I’m a little behind the news these days, but I wanted to sound off regarding the issue of banning childhood games in the schools before the topic becomes more ancient than Beethoven’s powdered wig.
I am extremely disappointed in the continued movement away from ‘play’ in the schoolyards. When I heard that a Colorado school recently banned “tag”, I just about dropped my weed whacker I was shaving my legs with.
What now? Is Red Rover the new target?
Aside from the forced hand holding of children which could enforce homoerotic behavior, sexual harassment, abuse, or–heckola– fun, what happens when someone is not chosen to ‘come over’? Will the young, Asian child yell, “Racial profiling?” If an African American kid is called, will the white kids yell, “Objection! Reverse racial discrimination and affirmative action!
In tag, if a girl is tapped is it sexual harassment? If a boy is tagged, are you ‘sticking it to the man’?
What happened to the hippity hops of the 70’s? We drag raced across the field on hippity hops. We had hippity hop wars. We had hippity hop tag. Are hippity hops banned, too? Where are those? Did someone determine they were too much fun and recommended they be removed? It’s like taking away someone’s favorite mode of bouncing transportation. What? There were no seat belts on them? What? Kids sometimes fell off of them and skinned their knees? Guess what! They’re kids! You could put a kid into a room with padded walls and his finger will get stuck up their nose and they’ll still fall off of something and get a scratch.
Like trying to steer Rosie O’Donnell away from a badly-written haiku lamenting politicians, trying to convince school officials that games like dodge ball bolster what little eye-hand coordination used to exist before people planted their butts on their politically correct sofas playing video games as a positive is like trying to convince a football player to give up his coaching.
What happened to kickball? Are there not enough adults at recess to lead kids in a rousing game? Oh, that’s right. I forgot. Too many kids had the ball aimed at them to get them out, and now, tagging was no linger allowed. Either they were thrown out at first, or they were in like Ann Hathaway at an exclusive Hollywood night club.
What happened to duck duck goose? Oh, that’s right. Some PETA child of angst told her parents that geese were considered a problem, and in an effort to embrace all wildlife, the game was ended. Besides, that tap to the head made someone cry once, and the fat kid who didn’t quite make it around the circle before being tagged threatened to sue for ‘obesity insensitivity’.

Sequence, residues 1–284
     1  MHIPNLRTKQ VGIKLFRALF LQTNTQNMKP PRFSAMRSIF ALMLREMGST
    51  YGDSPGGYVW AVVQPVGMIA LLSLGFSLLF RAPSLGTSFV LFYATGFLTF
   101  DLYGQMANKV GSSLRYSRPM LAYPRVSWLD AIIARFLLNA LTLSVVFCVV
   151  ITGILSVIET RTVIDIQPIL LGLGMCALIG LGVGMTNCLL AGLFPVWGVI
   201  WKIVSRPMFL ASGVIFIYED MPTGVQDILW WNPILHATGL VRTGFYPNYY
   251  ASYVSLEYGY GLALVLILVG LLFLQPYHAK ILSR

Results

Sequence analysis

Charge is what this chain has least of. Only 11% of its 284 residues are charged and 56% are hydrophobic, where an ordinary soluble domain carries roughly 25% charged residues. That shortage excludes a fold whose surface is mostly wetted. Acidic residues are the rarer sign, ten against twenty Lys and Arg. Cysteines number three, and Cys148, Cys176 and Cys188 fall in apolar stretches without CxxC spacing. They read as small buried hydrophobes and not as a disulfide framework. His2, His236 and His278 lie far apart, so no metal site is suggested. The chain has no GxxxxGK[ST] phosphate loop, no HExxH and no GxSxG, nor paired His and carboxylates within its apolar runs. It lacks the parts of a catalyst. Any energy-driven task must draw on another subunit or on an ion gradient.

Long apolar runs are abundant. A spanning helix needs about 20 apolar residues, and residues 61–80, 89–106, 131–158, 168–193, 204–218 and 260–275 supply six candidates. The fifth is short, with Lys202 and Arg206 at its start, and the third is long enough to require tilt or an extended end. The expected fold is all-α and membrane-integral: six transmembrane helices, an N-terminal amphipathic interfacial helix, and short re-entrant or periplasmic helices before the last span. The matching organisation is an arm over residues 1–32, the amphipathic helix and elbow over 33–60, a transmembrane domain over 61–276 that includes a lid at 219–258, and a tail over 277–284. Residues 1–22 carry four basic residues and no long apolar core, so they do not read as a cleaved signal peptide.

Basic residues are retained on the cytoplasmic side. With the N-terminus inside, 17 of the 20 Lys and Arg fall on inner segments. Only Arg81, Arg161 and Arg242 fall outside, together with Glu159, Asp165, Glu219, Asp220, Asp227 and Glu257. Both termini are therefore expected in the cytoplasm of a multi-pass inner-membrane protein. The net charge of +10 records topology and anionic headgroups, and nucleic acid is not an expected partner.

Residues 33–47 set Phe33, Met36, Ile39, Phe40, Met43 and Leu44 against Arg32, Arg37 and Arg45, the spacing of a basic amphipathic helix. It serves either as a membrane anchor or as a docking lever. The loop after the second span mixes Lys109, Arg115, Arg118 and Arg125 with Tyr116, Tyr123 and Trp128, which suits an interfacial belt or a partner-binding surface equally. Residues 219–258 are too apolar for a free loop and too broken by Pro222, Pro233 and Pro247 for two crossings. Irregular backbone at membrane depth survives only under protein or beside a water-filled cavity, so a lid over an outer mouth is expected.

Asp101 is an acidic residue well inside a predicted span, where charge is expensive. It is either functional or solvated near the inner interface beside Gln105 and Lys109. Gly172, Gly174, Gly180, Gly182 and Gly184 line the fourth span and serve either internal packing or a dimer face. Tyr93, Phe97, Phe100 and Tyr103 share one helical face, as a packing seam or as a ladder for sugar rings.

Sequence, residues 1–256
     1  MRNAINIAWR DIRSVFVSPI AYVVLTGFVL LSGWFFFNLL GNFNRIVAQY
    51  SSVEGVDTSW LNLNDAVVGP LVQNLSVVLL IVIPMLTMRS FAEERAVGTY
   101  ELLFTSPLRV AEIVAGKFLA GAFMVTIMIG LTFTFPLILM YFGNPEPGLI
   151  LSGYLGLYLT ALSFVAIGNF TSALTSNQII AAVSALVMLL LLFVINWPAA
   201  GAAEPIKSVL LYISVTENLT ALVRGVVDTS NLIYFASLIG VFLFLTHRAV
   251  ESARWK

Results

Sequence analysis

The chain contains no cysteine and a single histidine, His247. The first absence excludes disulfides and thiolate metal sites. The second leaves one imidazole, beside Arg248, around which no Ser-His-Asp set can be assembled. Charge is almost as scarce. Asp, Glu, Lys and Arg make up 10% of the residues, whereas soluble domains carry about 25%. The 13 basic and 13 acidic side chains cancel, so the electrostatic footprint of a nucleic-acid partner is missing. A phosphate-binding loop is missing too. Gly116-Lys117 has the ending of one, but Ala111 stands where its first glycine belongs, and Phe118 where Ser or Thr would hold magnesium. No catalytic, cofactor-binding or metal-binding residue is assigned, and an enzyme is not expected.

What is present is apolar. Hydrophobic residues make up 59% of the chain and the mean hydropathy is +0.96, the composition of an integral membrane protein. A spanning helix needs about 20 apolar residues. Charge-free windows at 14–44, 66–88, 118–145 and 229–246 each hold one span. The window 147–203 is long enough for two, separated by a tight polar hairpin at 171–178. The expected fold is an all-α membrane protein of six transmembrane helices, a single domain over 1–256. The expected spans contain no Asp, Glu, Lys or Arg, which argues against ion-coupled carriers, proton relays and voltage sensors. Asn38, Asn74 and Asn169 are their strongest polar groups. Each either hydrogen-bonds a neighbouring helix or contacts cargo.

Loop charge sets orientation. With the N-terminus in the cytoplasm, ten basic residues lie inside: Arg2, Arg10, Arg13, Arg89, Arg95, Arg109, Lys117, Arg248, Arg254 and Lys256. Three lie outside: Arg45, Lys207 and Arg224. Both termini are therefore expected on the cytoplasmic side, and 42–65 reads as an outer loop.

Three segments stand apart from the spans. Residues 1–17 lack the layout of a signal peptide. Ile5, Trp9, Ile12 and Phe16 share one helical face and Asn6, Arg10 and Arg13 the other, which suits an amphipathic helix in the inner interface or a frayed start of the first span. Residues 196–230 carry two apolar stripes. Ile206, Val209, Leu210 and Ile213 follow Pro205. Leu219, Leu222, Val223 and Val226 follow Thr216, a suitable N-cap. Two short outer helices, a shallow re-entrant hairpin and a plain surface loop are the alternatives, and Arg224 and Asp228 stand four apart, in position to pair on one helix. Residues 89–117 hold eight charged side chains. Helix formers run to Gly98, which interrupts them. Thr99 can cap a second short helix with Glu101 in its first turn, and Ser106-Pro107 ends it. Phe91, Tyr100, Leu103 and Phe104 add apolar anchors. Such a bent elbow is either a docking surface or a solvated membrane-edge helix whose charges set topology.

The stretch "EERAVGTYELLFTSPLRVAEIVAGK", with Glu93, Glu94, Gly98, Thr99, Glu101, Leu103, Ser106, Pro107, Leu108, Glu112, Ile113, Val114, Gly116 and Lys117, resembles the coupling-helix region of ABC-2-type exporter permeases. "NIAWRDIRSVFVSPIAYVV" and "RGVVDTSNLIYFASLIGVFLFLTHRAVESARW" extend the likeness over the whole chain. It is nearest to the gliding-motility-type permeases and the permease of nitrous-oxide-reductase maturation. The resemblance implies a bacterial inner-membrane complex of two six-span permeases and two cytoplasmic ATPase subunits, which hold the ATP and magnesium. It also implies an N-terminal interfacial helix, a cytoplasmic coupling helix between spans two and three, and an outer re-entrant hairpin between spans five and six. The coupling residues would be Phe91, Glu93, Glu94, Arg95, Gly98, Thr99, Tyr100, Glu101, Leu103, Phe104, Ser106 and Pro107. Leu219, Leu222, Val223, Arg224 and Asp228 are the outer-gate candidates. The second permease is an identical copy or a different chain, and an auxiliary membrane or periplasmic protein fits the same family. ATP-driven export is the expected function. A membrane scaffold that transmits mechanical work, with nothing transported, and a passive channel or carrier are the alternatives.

The ability to play on a team and use teamwork without adult politics and involvement from the sidelines, high fee bills and uniforms is becoming as extinct in this society as Atari Pong. Play is becoming too dangerous. Too politically incorrect. Too exclusive.
Pogo sticks? What if the girl in the skirt flashed her underwear and gave another 5 year old unsavory thoughts? Or, worse yet, show what day of the week it was?
We used to play jacks. That was a good game for hand-eye coordination, timing, counting, and good sportsmanship. It was portable, didn’t require batteries, and was fun to watch. Now it’s a choking hazard, small pieces which could be stepped on and injurious. Someone could be upset because due to their dyslexia, they didn’t remember what came after four and sued the school for being prejudiced against kids who couldn’t win at jacks.
The only game on the playground now is victimization, with kids learning strategy as they swap their lawyer’s business cards, along with their therapist’s advice. Whining and victimization have replaced brushing yourself off and getting back in the game.
Most kids are being taught to sit on the sidelines and play their Game boys. Sit down, shut up, keep things simple.
There’s time enough to keep things simple. Let kids play. Let them learn those life lessons through play, through sometimes not being the one chosen, not being the fastest, strongest, the one with the best reflexes. Let them learn the joy of being on the winning team and the sportsmanship that comes from being on the losing team.
Bring back my hippity hop, ding dangit.